In a survey that my company conducted, we asked 900 working
professionals across the country, "What is the most laborious part of
your work?" What came back revealed that most people (24%) felt that
learning new information was a tough part of their job.
Many companies use one or more training options such as in-house
staff, consultants, and computer-assisted learning. For many people,
taking on new information can be both overwhelming and challenging. It
interrupts the "status quo."
However, this can be overcome with training programs that are
customized for departments and even for the individual. It’s like
buying new shoes–one size does not fit all. And as we all know, the
better the fit, the more comfortable the shoe.
One strategy that is most effective for many of the companies I
consult with is to take a needs assessment in advance. While I often
speak to managers and employees separately, I usually ask the same
questions to determine if they are in agreement on what needs
improvement. Here are some of the questions I ask:
* What type of training do you think is needed here?
* How has training been handled in the past?
* What skills do you think need improvement here?
* What type of training do you think is most effective?
* How do you determine if training has been effective or not?
Of course, space does not permit me to go into detail about taking a
needs assessment. However, the point is that when we ask enough
appropriate questions, usually we can build on training partly based on
those answers. It is an effective way to customize the program.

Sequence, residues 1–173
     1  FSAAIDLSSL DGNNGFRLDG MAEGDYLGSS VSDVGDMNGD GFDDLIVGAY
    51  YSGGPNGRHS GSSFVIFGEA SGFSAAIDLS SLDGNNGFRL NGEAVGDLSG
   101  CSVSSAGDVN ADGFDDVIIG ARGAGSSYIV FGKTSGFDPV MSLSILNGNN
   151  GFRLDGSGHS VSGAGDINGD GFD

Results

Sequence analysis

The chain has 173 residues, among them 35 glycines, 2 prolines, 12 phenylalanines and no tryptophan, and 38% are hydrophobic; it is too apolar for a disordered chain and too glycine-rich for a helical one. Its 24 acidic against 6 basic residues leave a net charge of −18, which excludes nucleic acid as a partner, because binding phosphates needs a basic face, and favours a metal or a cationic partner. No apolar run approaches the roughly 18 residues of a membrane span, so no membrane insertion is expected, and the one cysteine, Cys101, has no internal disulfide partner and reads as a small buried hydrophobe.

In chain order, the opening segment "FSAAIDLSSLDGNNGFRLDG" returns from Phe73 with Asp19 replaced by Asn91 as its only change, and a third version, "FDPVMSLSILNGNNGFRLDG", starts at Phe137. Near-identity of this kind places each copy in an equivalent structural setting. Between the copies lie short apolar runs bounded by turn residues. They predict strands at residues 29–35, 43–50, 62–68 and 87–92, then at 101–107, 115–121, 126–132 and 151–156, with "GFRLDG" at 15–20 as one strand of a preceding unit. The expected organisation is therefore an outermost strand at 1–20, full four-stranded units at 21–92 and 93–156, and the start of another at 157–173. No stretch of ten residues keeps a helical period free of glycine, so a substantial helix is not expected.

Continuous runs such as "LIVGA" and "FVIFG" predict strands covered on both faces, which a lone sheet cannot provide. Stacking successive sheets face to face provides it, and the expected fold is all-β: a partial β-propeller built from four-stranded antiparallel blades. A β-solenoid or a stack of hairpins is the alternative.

It has also become evident that information that used to be covered
in a one-day program now can become a series. This is because each
topic needs more in-depth coverage, and by breaking the program apart
over a period of time, people get a chance to digest the information in
bite-sized portions. Then they can effectively put into practice one
new skill instead of trying to master six and not succeeding with any
one of them.
Another way to overcome employees’ struggles with new information is
to recognize that people learn at different levels. It is not fair or
cost-effective to put a whole group together where it is clearly too
elementary for some and overwhelming for others.
I see this sometimes in presentation skills training where some
people are ready to take the next step by being videotaped and
critiqued based on a presentation or pitch they have prepared. Others
may never have really given a formal presentation, and the thought of
speaking before even a small group almost causes them to break out into
hives. In these cases, it is much better to divide the class into
smaller groups and let people learn at their own level.
In the information age, flexibility will still be the critical
foundation for success. Future generations will need more than just
mastery of subject matter; they will need mastery of learning, and this
takes time, patience, and customization.